3. Identification of research areas. At the end of the day, we will assimilate the workshop findings into a set of important research questions that we agree must be addressed as a priority.


WORKSHOP FORMAT

The authors of each accepted paper will be allocated time to present their work to the workshop participants. The duration of each presentation will be decided at a later date. Depending on the number of submissions we receive, it may run for either half a day or a full day. After the presentations, time will be set aside for an open discussion of the particular characteristics of urban environments that make them challenging and interesting from a HCI perspective as well as relevant to urban citizens and urban living. Through this discussion, we will map out a considered and cogent set of research challenges that we can all use both to inform our individual research agendas and to identify potential collaborations. At the conclusion of the day, the Telstra Most Interesting paper award will be announced by the workshop organisers.

The prize is a Nokia E51 phone, sponsored by Telstra.


SUBMISSION

The workshop will accept extended abstracts (1-2 pages) for peer review. These abstracts should be submitted to Ricky.Robinson [AT] nicta.com.au on or before 25 September 2009. Authors of accepted abstracts will be asked to prepare a six-page paper in OZCHI format (http://www.ozchi.org/mediawiki/ozchipaper_template2009.doc ) and a 20 minute presentation. At least one author of the accepted paper must register for the workshop.


IMPORTANT DATES

• 25 Sep 2009 – Extended abstracts due

• 05 Oct 2009 – Notification of acceptance

• 07 Oct 2009 – OZCHI Early Bird Registration closes

• 06 Nov 2009 – Camera ready full paper due

• 24 Nov 2009 – Street Workshop


ORGANISING COMMITTEE

Ricky Robinson (NICTA)
Markus Rittenbruch (NICTA)
Margot Brereton (QUT)
Stephen Viller (UQ)
Marcus Foth (QUT)

Tuesday, August 4, 2009

Media Interventions (CSA) - call for papers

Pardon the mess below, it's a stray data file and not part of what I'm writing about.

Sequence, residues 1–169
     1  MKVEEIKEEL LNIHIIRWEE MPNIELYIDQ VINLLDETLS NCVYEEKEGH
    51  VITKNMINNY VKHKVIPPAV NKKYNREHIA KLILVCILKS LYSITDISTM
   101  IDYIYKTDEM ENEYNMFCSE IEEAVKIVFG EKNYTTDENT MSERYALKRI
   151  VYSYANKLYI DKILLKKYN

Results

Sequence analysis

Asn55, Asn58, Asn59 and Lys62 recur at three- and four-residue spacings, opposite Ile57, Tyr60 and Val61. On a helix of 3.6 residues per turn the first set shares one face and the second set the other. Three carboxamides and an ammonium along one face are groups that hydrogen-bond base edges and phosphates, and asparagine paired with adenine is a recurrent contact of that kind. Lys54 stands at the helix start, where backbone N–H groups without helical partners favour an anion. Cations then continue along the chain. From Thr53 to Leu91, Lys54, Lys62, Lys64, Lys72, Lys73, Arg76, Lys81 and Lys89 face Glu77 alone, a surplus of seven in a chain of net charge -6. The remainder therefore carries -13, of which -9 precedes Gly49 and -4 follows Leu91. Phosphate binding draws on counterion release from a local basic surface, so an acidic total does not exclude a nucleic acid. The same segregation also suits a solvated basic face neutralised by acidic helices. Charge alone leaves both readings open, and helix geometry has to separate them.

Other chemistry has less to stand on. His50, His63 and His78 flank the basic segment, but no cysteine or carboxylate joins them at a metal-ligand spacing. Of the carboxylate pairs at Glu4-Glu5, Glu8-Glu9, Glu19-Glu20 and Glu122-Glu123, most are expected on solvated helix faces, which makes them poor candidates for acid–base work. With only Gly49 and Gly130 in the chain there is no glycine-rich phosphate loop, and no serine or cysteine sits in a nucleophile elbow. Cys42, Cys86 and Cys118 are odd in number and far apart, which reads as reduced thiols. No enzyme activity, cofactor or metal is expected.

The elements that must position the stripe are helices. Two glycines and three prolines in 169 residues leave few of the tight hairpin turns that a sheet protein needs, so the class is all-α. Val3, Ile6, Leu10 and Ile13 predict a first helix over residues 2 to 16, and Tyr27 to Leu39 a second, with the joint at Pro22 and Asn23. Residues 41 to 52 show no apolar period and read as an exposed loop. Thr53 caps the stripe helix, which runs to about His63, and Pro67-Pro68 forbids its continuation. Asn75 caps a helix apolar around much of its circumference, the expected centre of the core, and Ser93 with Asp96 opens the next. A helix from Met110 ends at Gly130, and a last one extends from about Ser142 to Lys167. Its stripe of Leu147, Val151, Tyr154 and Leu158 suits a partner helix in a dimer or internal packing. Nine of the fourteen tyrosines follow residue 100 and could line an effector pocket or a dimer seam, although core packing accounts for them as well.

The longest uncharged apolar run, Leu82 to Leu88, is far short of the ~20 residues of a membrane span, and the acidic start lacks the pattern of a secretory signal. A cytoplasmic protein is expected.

CALL FOR PAPERS – MEDIA INTERVENTIONS

The Media Interventions Division of the Cultural Studies Association (CSA) invites abstracts for papers and panel proposals for the Eighth Annual Cultural Studies Association Meeting, March 18-20, 2010 in Berkeley, California. The division welcomes submissions that examine media interventions, broadly conceived, from academic and practitioner perspectives. In addition, division seeks submissions that explore the use of media to popularize academic research.

The deadline for submissions is September 1, 2009.

Possible topics include, but are not limited to:

• DIY culture and aesthetics

• Local, national and transnational media reform campaigns

• Indigenous media culture

• Grassroots cultural production

• Collaborative and community-based media projects

• Youth media

• Citizens’ journalism/citizen storytelling

• Film, video, audio and multi-media projects

• Tactical media

• Media literacy/media pedagogy

• Alternative and activist media

• Social movement media

• New media and cultural politics

• Historical and institutional analysis of alternative, community and Indy media organizations

• Media and community building


The Media Interventions Division plans to sponsor one paper session and one roundtable/workshop session.